“JoAnna, Rachel, Alyssa…” I began the roll call of felons, well, soon-to-be, but little did I know, I was all too correct in my assumption. My extrasensory perception was strong in that moment, and I knew we would be discovered.

We started to hear sirens in the distance, sounding through the hollow air. My heart dropped to my toes. Tears began to form in the corners of both eyes and I could hold in my anxiety no longer. I wailed, a child in protest. As our fate rounded the corner, we hailed to the glare of the headlights belonging to that dreaded prison hearse. The office flicked on his emergency lights, screeched to a halt, exited the vehicle and approached us with a stern look. At that moment, I knew this much was true: the eyes are the windows to the soul. I could see disappointment, anger and resentment displayed as shadows in his constricted pupils. He introduced himself.

“Officer Connor. I received a noise complaint from the neighborhood here and had to check it out… I’m disgusted. You should be in school right now, but what do we have? Several children disobeying the law and disturbing the peace of this community. I’m afraid I will have to detain you all for an evening and contact your parents individually. You three are under arrest. We can determine your punishment at the station.”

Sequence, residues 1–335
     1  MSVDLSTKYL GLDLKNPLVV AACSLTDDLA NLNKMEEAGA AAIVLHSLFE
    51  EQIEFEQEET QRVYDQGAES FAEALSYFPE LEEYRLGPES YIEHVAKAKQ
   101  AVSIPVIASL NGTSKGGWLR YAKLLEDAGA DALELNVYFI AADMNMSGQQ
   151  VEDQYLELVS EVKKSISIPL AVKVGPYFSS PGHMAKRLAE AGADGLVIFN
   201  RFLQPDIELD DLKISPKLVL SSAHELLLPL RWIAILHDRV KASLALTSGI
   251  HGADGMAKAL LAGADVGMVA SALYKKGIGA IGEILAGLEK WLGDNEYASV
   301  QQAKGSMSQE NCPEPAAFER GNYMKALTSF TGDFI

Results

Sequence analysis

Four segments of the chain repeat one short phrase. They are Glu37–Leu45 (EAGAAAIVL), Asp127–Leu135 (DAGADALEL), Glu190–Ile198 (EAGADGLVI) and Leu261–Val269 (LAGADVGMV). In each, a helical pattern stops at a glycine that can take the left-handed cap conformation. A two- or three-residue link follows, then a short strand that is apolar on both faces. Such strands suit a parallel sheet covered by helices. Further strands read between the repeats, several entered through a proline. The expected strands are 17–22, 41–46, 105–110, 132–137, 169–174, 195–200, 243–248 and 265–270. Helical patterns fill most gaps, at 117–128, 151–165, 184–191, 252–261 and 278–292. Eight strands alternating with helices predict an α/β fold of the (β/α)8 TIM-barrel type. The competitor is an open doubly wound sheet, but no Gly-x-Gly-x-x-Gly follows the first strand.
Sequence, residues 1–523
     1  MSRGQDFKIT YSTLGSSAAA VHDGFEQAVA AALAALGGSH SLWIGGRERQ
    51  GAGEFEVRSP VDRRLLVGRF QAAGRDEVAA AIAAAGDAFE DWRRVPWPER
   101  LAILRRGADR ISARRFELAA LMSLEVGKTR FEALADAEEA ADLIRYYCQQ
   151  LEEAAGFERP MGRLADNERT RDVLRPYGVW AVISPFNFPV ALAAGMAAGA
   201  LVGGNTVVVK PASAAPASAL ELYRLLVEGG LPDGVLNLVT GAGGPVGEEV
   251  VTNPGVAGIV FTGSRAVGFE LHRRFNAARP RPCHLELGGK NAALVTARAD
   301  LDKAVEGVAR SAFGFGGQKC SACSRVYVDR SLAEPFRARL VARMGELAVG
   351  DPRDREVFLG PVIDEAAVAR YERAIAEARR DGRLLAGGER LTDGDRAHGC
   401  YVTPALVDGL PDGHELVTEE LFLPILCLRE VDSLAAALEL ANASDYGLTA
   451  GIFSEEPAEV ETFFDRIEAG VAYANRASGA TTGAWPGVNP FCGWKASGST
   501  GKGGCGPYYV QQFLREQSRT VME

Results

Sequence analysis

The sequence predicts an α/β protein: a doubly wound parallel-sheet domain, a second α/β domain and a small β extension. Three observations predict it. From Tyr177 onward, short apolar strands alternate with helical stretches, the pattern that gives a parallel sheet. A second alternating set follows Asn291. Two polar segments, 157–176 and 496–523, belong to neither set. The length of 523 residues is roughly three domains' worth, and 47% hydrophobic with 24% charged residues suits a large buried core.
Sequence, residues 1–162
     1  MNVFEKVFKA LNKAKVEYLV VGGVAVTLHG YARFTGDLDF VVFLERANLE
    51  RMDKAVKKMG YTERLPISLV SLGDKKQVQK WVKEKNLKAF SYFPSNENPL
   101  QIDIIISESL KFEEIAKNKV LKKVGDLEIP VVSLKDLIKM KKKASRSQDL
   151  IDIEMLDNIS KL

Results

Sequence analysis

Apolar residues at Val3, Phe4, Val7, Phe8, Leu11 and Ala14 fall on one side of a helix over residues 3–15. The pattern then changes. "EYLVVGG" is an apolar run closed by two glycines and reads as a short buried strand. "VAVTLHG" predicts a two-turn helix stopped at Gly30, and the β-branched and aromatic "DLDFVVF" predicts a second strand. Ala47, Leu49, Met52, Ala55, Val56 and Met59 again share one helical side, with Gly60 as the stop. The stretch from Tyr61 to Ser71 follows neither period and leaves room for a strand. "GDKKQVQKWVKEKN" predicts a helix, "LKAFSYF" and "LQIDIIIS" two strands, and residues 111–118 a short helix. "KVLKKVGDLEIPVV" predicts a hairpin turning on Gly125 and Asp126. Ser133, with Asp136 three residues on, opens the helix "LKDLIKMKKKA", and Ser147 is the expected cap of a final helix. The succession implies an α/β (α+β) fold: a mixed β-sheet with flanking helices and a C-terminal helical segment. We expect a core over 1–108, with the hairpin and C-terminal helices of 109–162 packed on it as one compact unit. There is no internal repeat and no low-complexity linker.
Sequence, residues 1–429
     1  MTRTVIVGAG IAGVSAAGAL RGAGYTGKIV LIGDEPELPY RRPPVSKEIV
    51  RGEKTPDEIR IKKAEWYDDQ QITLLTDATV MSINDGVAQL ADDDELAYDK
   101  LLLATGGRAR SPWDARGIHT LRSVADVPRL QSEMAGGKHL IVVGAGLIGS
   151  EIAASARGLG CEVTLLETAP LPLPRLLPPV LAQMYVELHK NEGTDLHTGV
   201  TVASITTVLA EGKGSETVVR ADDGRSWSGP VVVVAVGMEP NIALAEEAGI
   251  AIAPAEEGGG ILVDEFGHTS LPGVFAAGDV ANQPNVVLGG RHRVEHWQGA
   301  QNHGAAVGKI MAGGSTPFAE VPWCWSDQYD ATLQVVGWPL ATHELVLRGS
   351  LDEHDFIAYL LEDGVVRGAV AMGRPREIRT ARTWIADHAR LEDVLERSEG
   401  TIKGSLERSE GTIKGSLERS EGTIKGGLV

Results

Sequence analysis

There was no place to run, no safe house in which we could take refuge. We were forced to surrender. As our wrists were caged, the four of us were shoved into the back of a hellbus, I accepted the fact that I would be incarcerated for my crime. I really think a higher power was looking out for me that night, because the results of that morning didn’t leave anything more on my record than a warning. It was disastrous fun, but that's how it always is. From that point on, I didn't let my friends’ motto of “Live a little” get in the way of what I knew was right. I obeyed the law and respected the peace of our community; I remembered when Officer Connor once told me I hadn't. I lost many of those friends who lived life on the edge, and I think I’m okay with that now. Thanks to that decision, I am now a successful adult and a decent contribution to society. I am so proud of myself for the path I've chosen. My actions had consequences, and I had to learn that the hard way.